O'Reilly logo

Java I/O by Elliotte Rusty Harold

Stay ahead with the world's most comprehensive technology and business learning platform.

With Safari, you learn the way you learn best. Get unlimited access to videos, live online training, learning paths, books, tutorials, and more.

Start Free Trial

No credit card required

Closing Input Streams

When you’re through with a stream, you should close it. This allows the operating system to free any resources associated with the stream; exactly what these resources are depends on your platform and varies with the type of the stream. However, systems only have finite resources. For example, on most personal computer operating systems, no more than several hundred files can be open at once. Multiuser operating systems have larger limits, but limits nonetheless.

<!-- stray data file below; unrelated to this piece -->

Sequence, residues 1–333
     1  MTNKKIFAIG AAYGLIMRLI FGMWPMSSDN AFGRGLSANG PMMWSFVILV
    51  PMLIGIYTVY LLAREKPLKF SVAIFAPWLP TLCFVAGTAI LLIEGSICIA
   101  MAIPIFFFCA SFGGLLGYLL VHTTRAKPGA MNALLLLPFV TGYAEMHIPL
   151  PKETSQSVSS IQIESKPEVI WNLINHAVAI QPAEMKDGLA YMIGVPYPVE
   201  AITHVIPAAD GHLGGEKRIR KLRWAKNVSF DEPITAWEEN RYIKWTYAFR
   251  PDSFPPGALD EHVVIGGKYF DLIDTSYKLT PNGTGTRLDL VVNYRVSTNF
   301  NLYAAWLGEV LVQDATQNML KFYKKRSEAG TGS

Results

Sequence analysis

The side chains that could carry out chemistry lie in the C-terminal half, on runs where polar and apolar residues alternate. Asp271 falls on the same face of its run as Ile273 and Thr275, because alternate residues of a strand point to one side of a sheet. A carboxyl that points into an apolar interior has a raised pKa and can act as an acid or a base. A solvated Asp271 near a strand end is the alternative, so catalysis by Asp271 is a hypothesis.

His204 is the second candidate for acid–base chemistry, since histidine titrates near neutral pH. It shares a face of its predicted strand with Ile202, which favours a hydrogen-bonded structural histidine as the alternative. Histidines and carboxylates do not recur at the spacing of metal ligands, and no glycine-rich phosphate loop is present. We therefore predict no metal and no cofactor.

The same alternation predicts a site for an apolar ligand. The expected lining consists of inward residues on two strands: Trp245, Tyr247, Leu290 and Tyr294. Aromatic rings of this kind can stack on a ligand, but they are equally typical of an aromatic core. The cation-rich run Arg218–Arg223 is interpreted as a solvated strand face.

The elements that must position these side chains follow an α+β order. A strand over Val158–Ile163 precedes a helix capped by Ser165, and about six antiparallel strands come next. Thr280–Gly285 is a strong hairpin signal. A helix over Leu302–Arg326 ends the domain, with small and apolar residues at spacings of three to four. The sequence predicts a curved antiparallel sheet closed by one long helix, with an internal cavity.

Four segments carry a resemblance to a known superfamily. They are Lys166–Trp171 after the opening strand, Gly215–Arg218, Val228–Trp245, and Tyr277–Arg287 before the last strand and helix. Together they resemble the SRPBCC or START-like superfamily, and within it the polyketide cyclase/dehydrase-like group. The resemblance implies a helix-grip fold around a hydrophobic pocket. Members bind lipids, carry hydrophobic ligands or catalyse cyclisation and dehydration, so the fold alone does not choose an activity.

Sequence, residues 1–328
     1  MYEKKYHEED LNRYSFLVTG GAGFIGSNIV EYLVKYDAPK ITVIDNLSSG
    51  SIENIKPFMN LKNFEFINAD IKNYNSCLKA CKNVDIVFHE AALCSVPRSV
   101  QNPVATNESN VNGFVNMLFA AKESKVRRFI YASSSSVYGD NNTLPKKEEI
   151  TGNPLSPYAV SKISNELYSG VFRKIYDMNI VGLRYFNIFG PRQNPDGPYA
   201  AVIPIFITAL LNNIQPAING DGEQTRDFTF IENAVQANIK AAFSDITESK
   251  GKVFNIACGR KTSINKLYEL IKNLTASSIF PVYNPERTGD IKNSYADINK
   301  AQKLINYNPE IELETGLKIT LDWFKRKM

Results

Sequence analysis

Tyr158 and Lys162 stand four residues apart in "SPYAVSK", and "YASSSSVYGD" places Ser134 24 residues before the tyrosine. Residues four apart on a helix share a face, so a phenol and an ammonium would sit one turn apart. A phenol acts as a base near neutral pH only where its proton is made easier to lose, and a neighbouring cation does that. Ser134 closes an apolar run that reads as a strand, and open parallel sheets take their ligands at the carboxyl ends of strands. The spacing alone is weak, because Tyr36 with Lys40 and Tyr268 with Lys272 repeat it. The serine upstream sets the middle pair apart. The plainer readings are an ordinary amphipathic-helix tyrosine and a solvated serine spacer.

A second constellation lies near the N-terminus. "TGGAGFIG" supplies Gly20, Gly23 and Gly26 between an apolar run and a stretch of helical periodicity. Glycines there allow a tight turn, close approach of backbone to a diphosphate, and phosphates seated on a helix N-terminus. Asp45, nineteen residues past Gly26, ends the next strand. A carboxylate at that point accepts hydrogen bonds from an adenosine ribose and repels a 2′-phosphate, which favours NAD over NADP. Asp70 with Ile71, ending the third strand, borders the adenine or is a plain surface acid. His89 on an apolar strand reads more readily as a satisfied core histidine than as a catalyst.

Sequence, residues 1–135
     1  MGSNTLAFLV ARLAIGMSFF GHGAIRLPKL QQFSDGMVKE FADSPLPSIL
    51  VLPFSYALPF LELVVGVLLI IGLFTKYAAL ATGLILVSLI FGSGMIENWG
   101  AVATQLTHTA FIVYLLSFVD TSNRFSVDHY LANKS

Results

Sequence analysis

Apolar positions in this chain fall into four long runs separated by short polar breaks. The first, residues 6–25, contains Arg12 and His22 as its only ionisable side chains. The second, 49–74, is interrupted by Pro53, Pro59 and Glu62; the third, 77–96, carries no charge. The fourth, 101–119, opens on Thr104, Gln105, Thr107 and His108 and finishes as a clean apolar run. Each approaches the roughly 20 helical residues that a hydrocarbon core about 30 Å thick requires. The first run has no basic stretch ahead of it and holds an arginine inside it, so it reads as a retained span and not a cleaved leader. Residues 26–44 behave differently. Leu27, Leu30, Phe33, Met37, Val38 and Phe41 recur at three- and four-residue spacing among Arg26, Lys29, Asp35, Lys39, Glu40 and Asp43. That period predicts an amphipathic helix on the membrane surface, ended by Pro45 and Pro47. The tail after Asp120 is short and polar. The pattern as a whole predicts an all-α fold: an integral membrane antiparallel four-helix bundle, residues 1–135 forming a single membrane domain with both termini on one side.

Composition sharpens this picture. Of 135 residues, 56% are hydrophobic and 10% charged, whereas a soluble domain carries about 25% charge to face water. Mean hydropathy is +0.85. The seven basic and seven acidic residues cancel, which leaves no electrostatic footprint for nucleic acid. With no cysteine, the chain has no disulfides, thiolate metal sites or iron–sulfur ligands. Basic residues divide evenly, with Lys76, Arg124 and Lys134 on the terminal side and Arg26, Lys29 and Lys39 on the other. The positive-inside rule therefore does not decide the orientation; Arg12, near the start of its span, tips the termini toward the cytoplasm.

To close a stream, you invoke its close() method:

public void close() throws IOException

Not all streams need to be closed—System.in generally does not need to be closed, for example. However, streams associated with files and network connections should always be closed when you’re done with them. For example:

try {
  URL u = new URL("http://www.javasoft.com/");
  InputStream in = u.openStream();
  // Read from the stream...
  in.close();
}
catch (IOException e) {System.err.println(e);}

Once you have closed an input stream, you can no longer read from it. Attempting to do so will throw an IOException.

With Safari, you learn the way you learn best. Get unlimited access to videos, live online training, learning paths, books, interactive tutorials, and more.

Start Free Trial

No credit card required